Valenca do Minho, Portugal
The Minho region drew in many people from Europe to Africa because of its fertile soil and the abundant food supply in the form of game and fish. The village's strategic location meant its steep escarpments leading down to the river offered a protection from invading tribes such as the Celts.
The Celts first discovered this western section of Iberia in the 6th century BC and several centuries later they were followed by the Romans. The Arabs were the next to invade in 716AD and it took another twenty years before King Alfonso I managed to drive them out. However, two hundred years later the region suffered massive destruction as the Moors struck again destroying everything in their path on route to Santiago de Compostela. Beautiful buildings such as the Monastery of Ganfei was completely raised to the ground leaving only the foundations as evidence of its existence.
Because of the tension during the 13th century between the King of Portugal and the King of Spain, it was decided that Valenca needed a wall built around it to protect it from possible attack. By the 15th century the town had reached the height of its prosperity which was reflected in the beautiful buildings that were constructed at that time.
One of its most impressive attractions is the 13th century fortress that looks down over the river. This gothic/baroque style fortress suffered extensive damage over the centuries having been subjected to several invasions, but each time this happened it was restored to its former glory. Today this well preserved fortress is open to the public and one of its more intriguing features is a rather special milestone dating back to the 1st century which the Roman's used to mark 42 miles on the road from Braga to the Spanish town of Tui.
Along the northern wall are some old cannons that have also been well preserved, and stand poised in the direction of the river looking out towards Spain. There are also some wonderful churches worth a visit dating back to the 12th century, such as the Church of Saint Mary of Angels with its very decorative ceiling, and the Santo Estevao Church, most of which had to be rebuilt at the end of the 18th century. Inside are some 16th century paintings and an unusual 15th century Bishop's throne carved out of oak.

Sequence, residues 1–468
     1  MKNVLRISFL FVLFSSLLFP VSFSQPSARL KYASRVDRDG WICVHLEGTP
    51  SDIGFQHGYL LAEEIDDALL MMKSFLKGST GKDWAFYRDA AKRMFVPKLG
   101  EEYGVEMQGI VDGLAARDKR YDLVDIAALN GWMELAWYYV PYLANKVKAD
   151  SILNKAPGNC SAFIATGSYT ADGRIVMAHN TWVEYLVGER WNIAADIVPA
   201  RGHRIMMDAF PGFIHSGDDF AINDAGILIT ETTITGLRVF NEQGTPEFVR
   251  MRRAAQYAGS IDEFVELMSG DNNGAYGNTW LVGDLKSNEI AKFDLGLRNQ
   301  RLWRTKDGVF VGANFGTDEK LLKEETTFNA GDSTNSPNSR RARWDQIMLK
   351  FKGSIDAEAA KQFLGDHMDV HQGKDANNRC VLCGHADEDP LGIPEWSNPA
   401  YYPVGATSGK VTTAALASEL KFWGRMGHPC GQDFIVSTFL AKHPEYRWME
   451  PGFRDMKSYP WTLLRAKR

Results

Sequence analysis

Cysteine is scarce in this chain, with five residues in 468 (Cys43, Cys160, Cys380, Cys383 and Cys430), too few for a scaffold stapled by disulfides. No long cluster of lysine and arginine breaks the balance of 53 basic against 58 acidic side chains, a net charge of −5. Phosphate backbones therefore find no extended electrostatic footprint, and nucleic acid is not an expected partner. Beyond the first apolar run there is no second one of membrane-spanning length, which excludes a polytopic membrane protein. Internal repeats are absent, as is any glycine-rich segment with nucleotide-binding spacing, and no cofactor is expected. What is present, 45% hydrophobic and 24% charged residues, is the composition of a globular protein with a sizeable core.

Valenca also had its own saint, and a statue of Sao Teotonio was commissioned in his honour, for he was not only Portugal's first saint but also King Afonso Henriques' confessor. For those who wish to learn more about the local history of the town, the Museum Centre Hall has several interesting exhibits.
Over the centuries relations between Spain and Portugal eventually improved and in 1879 an international bridge was built over the river enabling both trains and vehicles to cross. This amazing structure was built by the famous French Engineer, Gustave Eiffel, and has since been superseded by a newer version. The bridge obviously makes it much quicker to get across the border, therefore making it possible to enjoy a day trip to the historical town of Tui.
Apart from the fact Valenca is not far from the coast and near some excellent golf courses, it is also within easy reach of the Peneda-Geres National Park. The Park is the only one of its kind in Portugal, and apart from the stunning scenery it is also one of the last protected areas for predators such as the Wolf. This impressive walled city can also offer excellent accommodation at the Pousada Valenca do Minho (Hotel Sao Teotonio). Located within a 17th century fort, this elegant hotel is relatively small in size but it has its own restaurant which serves excellent regional dishes, and each bedroom has lovely views of the river.